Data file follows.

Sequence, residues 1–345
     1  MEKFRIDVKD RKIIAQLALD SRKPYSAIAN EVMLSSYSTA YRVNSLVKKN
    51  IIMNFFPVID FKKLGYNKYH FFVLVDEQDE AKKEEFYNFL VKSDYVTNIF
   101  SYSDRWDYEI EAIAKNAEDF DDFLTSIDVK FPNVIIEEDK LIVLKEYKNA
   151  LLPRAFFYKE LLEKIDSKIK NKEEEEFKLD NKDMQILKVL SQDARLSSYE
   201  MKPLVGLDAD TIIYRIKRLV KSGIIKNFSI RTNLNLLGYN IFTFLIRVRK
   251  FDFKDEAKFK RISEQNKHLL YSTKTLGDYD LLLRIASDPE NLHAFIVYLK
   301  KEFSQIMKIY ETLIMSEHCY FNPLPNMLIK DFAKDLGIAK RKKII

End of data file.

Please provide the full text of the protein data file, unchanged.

Sequence, residues 1–345
     1  MEKFRIDVKD RKIIAQLALD SRKPYSAIAN EVMLSSYSTA YRVNSLVKKN
    51  IIMNFFPVID FKKLGYNKYH FFVLVDEQDE AKKEEFYNFL VKSDYVTNIF
   101  SYSDRWDYEI EAIAKNAEDF DDFLTSIDVK FPNVIIEEDK LIVLKEYKNA
   151  LLPRAFFYKE LLEKIDSKIK NKEEEEFKLD NKDMQILKVL SQDARLSSYE
   201  MKPLVGLDAD TIIYRIKRLV KSGIIKNFSI RTNLNLLGYN IFTFLIRVRK
   251  FDFKDEAKFK RISEQNKHLL YSTKTLGDYD LLLRIASDPE NLHAFIVYLK
   301  KEFSQIMKIY ETLIMSEHCY FNPLPNMLIK DFAKDLGIAK RKKII